Political Spiral Downwards

February 1st, 2008
by George S. Crimmin

[private] v6-2-Speaking OutMany of our local politicians seldom use the word investment. Their favorite word is spend. The money they spend however, especially by those trying to get reelected, has to come from somewhere. It comes from you and me. It is taken from those who work and earn, and transferred to those asking for handouts. I prefer to call it what it really is: bribery. Our politicians use our own money to promise things to other people who sell their votes to whichever politician promises them the most. And believe me, some have become very good at making outlandish promises that they know will be impossible to keep. But who cares as long as it gets them elected. Someone once said, “If it works, stick with it.” Tell the people what they want to hear, or at least what you think they want to hear.

For generations our politicians have been using the public by bribing voters. In recent years however, this practice has exploded into what I would call a fiscal train wreck! The promises now range from the ridiculous to the sublime. Promises that have no concept based on reality are consistently made to a population too ignorant to recognize the difference between fantasy and real life. As the stakes have increased, so have the magnitude of the promises. It appears that whoever can make the more preposterous or ridiculous promises, stands the best chance of getting elected.

Truth apparently does not enter the equation. It is so frustrating and depressing to watch my fellow Bay Islanders being deceived repeatedly with impunity. It is time we held the deceivers and cheaters accountable for their actions. After all, actions speak louder than words. I believe that people should know what you are by what they see, not by what they hear. I urge my fellow Bay Islanders in future elections to embrace those candidates who demonstrate courage and leadership by laying out innovative plans to solve our current problems and move us forward.

On the other hand, I urge rejection of those candidates whose greed, self-interest and accumulation of personal wealth, have been the guiding principle in their lives. Here on Roatan we tend to view political candidates like products with a specific monetary value and base our verdicts on their market share of the local economy at the moment. In other words, how much money he or she has, and what he or she can do for us right now. It is downright disgraceful how corrupt the process has become. We don’t so much evaluate their character: we analyze how effectively they are able to manipulate their image and use their personal wealth to appeal to the voters.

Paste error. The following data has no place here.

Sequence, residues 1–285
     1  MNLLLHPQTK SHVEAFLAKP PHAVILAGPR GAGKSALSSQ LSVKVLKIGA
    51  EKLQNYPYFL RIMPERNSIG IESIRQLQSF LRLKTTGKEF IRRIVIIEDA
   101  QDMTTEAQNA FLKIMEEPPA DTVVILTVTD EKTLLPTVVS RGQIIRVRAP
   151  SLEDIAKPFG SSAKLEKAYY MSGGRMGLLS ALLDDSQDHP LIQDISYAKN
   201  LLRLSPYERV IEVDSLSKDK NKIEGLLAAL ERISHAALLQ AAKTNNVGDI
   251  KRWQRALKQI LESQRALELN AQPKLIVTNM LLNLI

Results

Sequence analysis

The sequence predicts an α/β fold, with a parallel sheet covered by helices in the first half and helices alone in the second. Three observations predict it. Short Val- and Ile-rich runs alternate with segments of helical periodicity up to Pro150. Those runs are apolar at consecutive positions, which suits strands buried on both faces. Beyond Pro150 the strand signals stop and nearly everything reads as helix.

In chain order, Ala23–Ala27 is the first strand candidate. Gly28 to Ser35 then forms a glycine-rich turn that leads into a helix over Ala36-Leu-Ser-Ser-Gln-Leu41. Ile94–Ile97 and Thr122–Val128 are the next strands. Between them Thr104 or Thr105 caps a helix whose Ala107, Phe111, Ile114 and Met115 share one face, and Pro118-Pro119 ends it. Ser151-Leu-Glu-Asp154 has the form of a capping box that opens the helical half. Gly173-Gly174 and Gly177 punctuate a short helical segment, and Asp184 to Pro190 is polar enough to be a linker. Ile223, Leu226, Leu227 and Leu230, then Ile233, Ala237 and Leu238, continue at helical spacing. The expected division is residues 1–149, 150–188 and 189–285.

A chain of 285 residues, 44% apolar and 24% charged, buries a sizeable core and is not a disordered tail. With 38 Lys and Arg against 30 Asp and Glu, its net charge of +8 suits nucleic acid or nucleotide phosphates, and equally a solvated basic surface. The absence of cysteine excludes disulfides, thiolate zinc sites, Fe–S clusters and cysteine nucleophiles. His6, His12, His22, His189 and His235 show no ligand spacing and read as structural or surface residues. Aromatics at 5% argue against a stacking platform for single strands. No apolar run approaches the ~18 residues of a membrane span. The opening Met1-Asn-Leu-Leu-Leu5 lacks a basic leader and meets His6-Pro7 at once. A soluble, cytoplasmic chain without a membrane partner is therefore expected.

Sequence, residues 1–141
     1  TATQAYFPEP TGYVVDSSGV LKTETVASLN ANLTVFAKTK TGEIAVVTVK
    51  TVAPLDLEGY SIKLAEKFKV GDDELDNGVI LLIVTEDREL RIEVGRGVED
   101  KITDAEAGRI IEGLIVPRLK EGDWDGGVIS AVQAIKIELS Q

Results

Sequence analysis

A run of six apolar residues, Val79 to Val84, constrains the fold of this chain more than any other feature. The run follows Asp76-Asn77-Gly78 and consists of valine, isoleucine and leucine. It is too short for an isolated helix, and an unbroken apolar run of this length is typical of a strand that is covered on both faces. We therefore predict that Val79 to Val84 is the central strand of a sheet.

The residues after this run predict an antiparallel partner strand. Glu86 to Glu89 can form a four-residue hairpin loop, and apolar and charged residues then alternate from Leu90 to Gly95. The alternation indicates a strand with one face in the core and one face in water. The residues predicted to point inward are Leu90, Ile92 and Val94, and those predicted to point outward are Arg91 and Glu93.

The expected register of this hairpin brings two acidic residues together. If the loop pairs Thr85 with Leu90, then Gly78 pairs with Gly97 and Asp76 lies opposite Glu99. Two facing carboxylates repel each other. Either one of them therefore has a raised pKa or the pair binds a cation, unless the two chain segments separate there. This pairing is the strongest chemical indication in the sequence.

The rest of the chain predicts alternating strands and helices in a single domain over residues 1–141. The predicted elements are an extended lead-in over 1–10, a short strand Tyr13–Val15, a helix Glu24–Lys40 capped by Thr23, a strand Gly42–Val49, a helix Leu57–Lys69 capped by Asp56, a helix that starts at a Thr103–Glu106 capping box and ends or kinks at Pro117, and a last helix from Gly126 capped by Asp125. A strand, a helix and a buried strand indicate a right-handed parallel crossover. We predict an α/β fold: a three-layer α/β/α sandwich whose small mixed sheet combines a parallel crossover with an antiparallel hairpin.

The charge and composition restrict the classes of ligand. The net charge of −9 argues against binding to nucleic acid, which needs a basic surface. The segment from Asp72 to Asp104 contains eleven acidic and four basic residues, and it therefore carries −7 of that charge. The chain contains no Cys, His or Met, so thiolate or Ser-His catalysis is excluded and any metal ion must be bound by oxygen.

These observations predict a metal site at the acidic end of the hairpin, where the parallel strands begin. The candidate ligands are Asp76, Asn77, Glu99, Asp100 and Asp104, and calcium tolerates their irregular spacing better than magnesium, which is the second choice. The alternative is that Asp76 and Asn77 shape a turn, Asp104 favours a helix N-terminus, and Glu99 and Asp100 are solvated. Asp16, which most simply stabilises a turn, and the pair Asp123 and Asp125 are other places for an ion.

In this way, we buy into the artificiality of modern day campaigning here in the Bay Islands. I am totally convinced that telling the truth is a skill. I also believe that those who do not do it habitually eventually lose their ability to tell the truth. That is why many of our present day politicians can make outrageous promises with a straight face. Many have become extremely economical with the truth. Let me ask you a question: What is it that you truly count as “wealth” in your life? If you list things that are not material in nature, you are likely wealthy indeed! “A man is rich according to what he is, not according to what he has.” Wouldn’t it be nice to elect a leader who refuses to compromise his or her principles for political gain? Someone who is driven by an old-fashioned sense of honor, which is different from fame and fortune, and consists of a genuine desire to serve the people and to be worthy of the esteem of future generations. [/private]

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